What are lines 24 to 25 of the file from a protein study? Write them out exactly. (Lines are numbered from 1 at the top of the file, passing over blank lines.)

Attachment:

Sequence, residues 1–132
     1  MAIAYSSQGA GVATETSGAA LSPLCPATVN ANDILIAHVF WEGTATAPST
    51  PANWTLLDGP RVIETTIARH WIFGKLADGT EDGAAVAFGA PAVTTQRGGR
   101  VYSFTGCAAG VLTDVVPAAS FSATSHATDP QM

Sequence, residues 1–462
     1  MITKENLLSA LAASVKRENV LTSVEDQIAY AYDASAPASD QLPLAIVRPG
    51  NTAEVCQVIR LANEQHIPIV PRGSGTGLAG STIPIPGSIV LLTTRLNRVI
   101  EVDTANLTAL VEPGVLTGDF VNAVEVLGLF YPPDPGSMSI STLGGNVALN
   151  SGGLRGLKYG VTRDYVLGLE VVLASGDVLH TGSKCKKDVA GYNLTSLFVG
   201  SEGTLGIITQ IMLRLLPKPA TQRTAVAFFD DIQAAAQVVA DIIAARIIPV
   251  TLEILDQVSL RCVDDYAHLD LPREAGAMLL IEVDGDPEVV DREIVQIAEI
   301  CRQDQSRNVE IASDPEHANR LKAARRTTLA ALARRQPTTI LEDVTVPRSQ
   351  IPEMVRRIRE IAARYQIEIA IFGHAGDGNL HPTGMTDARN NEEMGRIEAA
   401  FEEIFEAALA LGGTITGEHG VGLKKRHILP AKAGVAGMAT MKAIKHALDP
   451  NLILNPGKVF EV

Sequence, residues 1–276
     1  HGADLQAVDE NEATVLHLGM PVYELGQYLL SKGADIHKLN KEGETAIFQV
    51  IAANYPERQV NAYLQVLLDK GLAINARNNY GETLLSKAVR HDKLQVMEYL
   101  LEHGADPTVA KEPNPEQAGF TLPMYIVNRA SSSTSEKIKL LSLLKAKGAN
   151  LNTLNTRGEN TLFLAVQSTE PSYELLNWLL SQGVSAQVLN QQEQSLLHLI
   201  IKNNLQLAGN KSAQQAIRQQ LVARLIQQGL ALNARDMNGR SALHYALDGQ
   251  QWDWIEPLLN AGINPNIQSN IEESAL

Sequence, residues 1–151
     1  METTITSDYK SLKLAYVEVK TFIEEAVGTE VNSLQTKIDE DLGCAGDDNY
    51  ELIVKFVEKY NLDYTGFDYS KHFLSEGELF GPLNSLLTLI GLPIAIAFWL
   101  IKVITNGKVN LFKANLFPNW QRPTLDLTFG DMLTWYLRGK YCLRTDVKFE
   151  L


     1  METTITSDYK SLKLAYVEVK TFIEEAVGTE VNSLQTKIDE DLGCAGDDNY
    51  ELIVKFVEKY NLDYTGFDYS KHFLSEGELF GPLNSLLTLI GLPIAIAFWL